Photo illustration courtesy Centers for Disease Control and Prevention.

By Charles Westfall

The United States is in the midst of two public health crises: the coronavirus pandemic and rising suicide rates. The countless disruptions in people’s lives have added to the already difficult task of preventing suicide.

The Centers for Disease Control and Prevention reported in July that U.S. adults are experiencing considerably more mental health challenges during the pandemic. Approximately twice as many respondents reported serious consideration of suicide in the previous 30 days than did adults in 2018. Key groups with worse mental health outcomes and those who have seriously considered suicide were younger adults, people of color, essential workers and unpaid adult caregivers.

The increase in thoughts of suicide and suicide attempts could stem from the following risk factors during the pandemic:

  • Social distancing, which can evoke feelings of loneliness and isolation
  • Financial hardships
  • Decreased in-person support at church, school and among neighborhood connections
  • Constant consumption of news and social media

Health conditions and historical and environmental factors also can play a role in the increased risk for suicide.

Because social interactions are less frequent or happening virtually, becoming more aware of changes in a loved one’s behavior may be key to identifying warning signs. Many of the signs that someone may be considering suicide will be harder to read or detect during times of physical distancing.

Warning signs to watch out for are:

  • Changes in tone, language and time of day when texting, talking or posting online. For instance, the middle of the night can be cause for concern because disruption of sleep can worsen suicidal behavior, increase feelings of isolation and lead to reliance on substance use.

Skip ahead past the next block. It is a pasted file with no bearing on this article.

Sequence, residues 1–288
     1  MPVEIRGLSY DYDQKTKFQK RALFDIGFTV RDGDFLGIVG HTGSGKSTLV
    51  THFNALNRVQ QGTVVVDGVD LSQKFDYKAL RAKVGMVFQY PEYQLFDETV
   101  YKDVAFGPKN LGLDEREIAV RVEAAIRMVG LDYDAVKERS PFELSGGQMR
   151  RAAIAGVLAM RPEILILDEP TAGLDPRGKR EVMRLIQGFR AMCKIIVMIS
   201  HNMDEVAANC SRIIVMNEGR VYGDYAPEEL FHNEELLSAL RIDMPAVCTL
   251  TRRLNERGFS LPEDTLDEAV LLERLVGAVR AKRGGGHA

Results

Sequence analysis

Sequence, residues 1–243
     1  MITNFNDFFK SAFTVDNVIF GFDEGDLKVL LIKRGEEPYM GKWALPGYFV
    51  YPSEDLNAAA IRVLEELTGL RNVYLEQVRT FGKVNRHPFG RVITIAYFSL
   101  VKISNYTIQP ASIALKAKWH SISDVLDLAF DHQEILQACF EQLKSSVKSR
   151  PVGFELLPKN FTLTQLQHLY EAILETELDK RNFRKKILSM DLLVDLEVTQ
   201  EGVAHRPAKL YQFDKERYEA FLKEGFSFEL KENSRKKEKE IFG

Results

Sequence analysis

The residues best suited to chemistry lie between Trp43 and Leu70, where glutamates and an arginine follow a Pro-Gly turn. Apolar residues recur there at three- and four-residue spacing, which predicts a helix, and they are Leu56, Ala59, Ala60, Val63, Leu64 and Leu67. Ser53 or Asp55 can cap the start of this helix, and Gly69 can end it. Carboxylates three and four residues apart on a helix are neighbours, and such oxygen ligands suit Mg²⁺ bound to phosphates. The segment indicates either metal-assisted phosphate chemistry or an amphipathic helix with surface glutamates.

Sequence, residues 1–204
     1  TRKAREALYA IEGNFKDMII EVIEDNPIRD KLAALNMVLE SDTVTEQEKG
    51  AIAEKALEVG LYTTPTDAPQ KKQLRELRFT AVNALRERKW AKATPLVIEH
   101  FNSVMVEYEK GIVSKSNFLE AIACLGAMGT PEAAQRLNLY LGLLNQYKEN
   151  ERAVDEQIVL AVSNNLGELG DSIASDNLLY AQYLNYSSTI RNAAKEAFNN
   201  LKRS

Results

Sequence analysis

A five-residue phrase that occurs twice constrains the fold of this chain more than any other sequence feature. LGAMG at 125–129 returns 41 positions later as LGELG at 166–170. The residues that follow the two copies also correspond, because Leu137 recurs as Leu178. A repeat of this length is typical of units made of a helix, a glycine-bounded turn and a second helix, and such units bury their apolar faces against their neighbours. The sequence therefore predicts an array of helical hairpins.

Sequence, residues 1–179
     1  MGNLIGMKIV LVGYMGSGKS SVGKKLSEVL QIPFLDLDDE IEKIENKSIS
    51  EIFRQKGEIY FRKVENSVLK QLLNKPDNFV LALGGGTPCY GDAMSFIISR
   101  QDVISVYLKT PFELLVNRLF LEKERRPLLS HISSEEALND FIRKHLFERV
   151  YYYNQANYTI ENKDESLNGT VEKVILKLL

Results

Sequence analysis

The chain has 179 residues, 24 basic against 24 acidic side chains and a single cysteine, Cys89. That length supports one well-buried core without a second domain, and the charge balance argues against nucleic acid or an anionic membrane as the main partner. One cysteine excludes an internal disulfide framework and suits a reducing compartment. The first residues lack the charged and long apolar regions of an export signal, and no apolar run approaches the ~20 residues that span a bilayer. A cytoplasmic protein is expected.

• The frequency with which a person answers calls or texts.
  • Changes in the frequency and content of what they might be sharing online or if they share media links with you. This behavior can show what information is central to their view or their surroundings.

It is important to trust your instincts if you feel like someone may be in trouble and take action:

  • Ask direct questions without being judgmental.
  • Do not leave the person alone.
  • Do not swear to secrecy.
  • Get professional help even if the person resists.

Lastly, with stressors being amplified during the pandemic, anyone is prone to more mental distress during this time, and help is available. These times are tough and full of the unknown. Know that you are not alone, seek help and remember that storms don’t last forever.

If you or a loved one is in crisis, call 911 or the National Suicide Prevention Hotline, which is available 24 hours a day at 1-800-273-8255.

Charles Westfall, LMFT, is the manager of adult outpatient services and a member of the suicide prevention steering committee at Sharp Mesa Vista Hospital, a contributing participant in the San Diego County Suicide Prevention Council and an affiliate faculty member at the University of San Diego. 

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